Health warnings can be smothered by food-associated cues, study finds

Posted: 3 January 2018 | | No comments yet

A psychological study has shown how food-associated cues can override healthy intentions.


THE DEVIL MAKES LIGHT WORK: The researchers suggested that the conditioned response to unhealthy food could be re-appropriated to encourage positive choices

Around the beginning of the 20th century, physiologist Ivan Pavlov began experimenting with conditioning.

His work proved that dogs could be trained to associate a stimulus, in this case a bell, with food and would respond accordingly by salivating. The bell was the conditioned stimulus and through it the salivation, which under normal circumstances prepares the mouth for eating, became a conditioned response.

More than a century later, a new study has shown how this same kind of Pavlovian conditioning affects our decision-making process when it comes to healthy food.

Psychologists Aukje Verhoeven, Poppy Watson and Sanne de Wit from the University of Amsterdam (UvA) investigated the effects of health warnings on food choices in the presence or absence of food-associated stimuli.

This includes every kind of stimuli associated with food, including adverts that trigger thoughts of a tasty snack or the sight or smell of food which leads to craving.

“Health warnings often make people want to choose healthier food products, yet many still end up picking unhealthy food products”, said Verhoeven.

“We suspected this might partly be due to the fact that people learn to associate specific cues in their environment with certain food choices. For example, eating a cheese burger regularly occurs in the visual presence of a large logo M. This causes a strong association between the stimulus (the logo) and the rewarding experience of eating a cheese burger. Simply seeing an M eventually causes us to crave a burger and triggers a learned behaviour to head to a fast-food restaurant. Unhealthy choices are therefore automatically activated by learned associations, making health warnings, which focus on conscious choices, ineffective.”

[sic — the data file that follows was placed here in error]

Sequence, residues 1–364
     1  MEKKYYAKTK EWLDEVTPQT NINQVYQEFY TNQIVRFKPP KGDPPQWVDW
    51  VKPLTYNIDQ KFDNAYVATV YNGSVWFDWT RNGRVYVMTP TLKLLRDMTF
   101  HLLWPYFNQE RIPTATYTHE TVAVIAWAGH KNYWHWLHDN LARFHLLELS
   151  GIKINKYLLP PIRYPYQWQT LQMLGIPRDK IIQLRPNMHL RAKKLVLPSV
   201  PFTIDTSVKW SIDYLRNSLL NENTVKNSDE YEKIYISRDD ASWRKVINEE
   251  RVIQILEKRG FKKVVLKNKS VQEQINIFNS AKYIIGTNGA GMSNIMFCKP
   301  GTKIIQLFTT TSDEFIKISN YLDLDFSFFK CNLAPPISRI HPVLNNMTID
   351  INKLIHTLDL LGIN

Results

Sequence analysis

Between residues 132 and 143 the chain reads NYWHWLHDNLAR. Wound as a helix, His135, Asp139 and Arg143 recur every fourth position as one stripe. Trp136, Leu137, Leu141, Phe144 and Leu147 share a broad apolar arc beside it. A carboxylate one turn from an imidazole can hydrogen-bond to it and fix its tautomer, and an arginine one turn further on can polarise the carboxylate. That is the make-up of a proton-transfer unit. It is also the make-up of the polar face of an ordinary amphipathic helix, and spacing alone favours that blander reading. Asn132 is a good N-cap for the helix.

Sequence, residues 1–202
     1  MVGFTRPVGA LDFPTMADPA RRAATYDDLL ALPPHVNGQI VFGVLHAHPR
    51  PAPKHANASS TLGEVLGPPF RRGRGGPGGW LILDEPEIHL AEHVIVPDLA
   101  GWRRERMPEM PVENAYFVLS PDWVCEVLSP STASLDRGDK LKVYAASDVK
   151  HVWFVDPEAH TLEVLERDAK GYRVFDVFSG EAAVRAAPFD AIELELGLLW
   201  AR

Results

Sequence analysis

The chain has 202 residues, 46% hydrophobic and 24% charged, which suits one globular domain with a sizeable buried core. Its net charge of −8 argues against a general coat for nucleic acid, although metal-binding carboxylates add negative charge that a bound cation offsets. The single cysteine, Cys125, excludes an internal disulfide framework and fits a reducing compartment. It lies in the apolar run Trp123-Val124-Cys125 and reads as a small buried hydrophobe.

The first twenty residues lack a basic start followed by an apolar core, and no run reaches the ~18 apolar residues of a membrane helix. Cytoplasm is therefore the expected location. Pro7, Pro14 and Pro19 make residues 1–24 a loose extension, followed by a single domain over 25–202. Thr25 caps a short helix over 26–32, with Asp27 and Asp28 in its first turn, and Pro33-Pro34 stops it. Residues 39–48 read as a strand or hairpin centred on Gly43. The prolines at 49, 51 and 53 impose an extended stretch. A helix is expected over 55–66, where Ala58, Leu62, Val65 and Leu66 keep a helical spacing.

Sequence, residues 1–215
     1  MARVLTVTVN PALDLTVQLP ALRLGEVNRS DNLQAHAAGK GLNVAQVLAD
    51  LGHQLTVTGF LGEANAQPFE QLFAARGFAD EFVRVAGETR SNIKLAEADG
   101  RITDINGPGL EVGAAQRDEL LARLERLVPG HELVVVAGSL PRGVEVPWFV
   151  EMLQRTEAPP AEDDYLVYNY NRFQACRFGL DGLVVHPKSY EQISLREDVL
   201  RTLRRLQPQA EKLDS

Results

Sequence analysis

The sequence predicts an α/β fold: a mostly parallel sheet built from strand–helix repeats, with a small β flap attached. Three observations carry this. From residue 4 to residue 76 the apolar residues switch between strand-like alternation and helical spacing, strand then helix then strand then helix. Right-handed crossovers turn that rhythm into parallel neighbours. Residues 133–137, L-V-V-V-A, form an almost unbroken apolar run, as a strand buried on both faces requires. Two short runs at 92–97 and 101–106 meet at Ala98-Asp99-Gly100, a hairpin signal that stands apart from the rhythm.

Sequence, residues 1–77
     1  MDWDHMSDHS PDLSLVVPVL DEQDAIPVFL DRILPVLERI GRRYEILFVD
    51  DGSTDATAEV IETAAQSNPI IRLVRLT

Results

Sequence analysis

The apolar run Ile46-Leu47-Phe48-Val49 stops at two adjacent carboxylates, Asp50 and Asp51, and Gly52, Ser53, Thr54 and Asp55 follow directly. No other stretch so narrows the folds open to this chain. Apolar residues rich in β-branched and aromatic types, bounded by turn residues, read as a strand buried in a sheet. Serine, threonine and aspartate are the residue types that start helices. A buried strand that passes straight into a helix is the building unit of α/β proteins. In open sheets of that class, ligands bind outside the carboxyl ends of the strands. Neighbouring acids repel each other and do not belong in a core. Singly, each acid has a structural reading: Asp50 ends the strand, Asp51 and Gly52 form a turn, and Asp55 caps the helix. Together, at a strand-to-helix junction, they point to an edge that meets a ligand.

To test their hypothesis, the researchers used a specific computer task, the Pavlovian-instrumental transfer, in a controlled setting to simulate the learning processes between certain (food) choices and environmental stimuli in subjects.

Verhoeven said: “Health warnings for healthy food choices only seem to be effective in an environment where no food cues are present. Whenever stimuli are present which people have come to associate with certain snacks, they choose the accompanying (unhealthy) food product, even when they know it is unhealthy or aren’t really craving that food product. It didn’t matter whether we alerted the subjects before or after they learned the associations with food cues.” 

How do you ensure people don’t just have the intention to buy healthier food products but actually go ahead and do so? The researchers suggest decreasing the level of food-associated stimuli people, and children in particular, are exposed to.

One way to do this, for example, would be to decrease the amount of advertising for unhealthy foods. Also, the results suggest that these processes could in turn stimulate the choice for healthy products.

Verhoeven added: “It is worthwhile exposing people to healthy food products together with certain environmental cues more often, for example by showing more adverts for healthy products. The environment could also be shaped such that healthy choices are the easiest to make, for instance by placing healthy products at the front in canteens or by replacing chocolate bars with apples and healthy snacks at the cash register. In this way, you give people a gentle push in the right direction.”

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